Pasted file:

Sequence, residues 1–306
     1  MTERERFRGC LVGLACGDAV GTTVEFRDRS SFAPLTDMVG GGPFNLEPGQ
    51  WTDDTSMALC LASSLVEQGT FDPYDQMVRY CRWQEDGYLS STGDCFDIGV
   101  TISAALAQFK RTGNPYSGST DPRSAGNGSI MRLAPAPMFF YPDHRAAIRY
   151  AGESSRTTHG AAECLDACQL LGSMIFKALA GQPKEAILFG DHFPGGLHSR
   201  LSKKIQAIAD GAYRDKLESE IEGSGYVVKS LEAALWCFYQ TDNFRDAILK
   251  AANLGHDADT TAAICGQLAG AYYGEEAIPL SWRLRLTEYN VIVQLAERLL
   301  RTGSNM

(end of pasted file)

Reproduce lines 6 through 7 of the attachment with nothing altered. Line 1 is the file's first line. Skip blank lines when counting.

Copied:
   201  LSKKIQAIAD GAYRDKLESE IEGSGYVVKS LEAALWCFYQ TDNFRDAILK
   251  AANLGHDADT TAAICGQLAG AYYGEEAIPL SWRLRLTEYN VIVQLAERLL